Buttermere also has several great eateries and pubs including the Bridge Inn, the Croft House Farm Cafe and the Fish Inn.
Crummock Water is the lake right next door to Buttermere, and equally beautiful. There’s a great walk which starts from Lanthwaite car park.
Close by lies Scale Force, the tallest single-drop waterfall in the Lakes. If you visit during the spring, take a slight detour to Rannerdale Knotts to see the beautiful bluebell fields.
Newlands Pass & Newlands Valley
From Crummock Water, you’ll make your way back to Keswick via the Newlands Pass. It is a beautiful drive with pretty hills, waterfalls and the occasional rainbow. It is pretty magical and reminds me of my trip on Iceland’s Ring Road.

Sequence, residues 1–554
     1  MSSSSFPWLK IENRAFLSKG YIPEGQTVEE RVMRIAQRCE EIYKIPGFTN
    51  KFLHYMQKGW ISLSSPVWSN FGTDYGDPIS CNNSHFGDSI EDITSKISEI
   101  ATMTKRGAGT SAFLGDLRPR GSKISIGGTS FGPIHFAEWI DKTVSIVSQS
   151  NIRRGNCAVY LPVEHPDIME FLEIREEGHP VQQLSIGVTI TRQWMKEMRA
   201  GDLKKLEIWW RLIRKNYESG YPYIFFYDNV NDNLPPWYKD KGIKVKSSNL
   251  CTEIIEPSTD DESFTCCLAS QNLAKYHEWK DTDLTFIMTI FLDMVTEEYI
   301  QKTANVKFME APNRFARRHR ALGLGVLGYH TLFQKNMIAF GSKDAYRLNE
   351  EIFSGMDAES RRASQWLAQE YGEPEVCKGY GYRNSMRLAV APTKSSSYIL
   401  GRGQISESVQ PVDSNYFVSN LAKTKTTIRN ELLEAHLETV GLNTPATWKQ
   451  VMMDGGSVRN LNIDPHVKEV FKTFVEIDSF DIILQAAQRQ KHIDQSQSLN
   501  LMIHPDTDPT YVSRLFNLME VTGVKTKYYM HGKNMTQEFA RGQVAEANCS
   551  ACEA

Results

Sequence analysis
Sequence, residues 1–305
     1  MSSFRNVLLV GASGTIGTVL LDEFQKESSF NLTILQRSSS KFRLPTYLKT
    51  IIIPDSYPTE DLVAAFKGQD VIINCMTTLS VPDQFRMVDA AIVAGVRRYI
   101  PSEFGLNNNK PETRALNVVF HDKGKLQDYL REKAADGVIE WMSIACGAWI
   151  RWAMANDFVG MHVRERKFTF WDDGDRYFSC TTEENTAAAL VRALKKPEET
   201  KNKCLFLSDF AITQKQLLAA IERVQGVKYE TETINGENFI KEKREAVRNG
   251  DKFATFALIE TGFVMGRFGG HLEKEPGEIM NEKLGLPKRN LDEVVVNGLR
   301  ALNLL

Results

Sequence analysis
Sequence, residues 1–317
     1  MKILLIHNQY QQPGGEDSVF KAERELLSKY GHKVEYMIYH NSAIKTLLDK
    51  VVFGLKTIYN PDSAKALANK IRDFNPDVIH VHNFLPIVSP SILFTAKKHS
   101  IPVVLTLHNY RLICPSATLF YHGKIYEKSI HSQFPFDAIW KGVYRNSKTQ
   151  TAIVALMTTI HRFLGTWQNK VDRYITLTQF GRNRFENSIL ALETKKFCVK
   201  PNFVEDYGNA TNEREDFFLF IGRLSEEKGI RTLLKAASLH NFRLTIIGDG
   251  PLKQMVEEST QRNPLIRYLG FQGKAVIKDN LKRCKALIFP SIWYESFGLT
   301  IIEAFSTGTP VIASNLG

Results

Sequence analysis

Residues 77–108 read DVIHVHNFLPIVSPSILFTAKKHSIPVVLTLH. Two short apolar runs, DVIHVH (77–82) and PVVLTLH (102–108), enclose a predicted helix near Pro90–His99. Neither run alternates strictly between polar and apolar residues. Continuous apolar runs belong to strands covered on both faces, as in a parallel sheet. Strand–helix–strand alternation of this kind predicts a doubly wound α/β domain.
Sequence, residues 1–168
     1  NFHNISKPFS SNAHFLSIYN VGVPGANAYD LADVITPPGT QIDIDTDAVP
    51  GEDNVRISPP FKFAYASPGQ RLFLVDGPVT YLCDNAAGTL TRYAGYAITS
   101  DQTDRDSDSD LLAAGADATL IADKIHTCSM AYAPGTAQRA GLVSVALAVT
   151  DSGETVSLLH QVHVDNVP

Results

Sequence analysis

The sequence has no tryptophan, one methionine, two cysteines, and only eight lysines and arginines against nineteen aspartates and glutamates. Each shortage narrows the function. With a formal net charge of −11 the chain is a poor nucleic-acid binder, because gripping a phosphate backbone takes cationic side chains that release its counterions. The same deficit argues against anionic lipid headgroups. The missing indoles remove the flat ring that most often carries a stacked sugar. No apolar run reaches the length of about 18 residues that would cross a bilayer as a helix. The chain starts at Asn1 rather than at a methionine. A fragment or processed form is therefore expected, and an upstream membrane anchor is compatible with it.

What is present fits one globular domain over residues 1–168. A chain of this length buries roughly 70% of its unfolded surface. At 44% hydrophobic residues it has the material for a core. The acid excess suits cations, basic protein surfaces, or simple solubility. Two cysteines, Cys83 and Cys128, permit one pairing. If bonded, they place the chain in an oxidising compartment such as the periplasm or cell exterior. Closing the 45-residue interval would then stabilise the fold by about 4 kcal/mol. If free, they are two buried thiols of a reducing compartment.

There are some lovely walks around this area and there’s also the Newlands Adventure Centre which has all kinds of amazing activities on offer! My friends had their wedding here!
To the east of Keswick, you’ll find beautiful Ullswater, which is surrounded by hills and a great place for hiking. It’s often named as being England’s prettiest lake so it’s definitely worth visiting if you are in the area.
On the north side of the lake, you can follow the nature trails to a pretty waterfall called Aira Force which can also be combined with High Force waterfall and a walk to Gowbarrow Fell which has fabulous views.
On the other side of the Ullswater, you’ll find Bonscale Pike, Arthur’s Pike and Hallin Fell, hikes with amazing views. Then in the far southern end of Ullswater, there’s a great walk up to Arnison Crag – whichever walk you decide on, you won’t be disappointed!
If you fancy taking a ferry across the lake, book a spot on one of the Ullswater ‘Steamers’ (tickets must be booked online and in advance) which leave from Glenridding (bottom of the lake) and Pooley Bridge (top of the lake) and in nearby Dalemain, you can even take a hot air balloon ride to see the area from the air.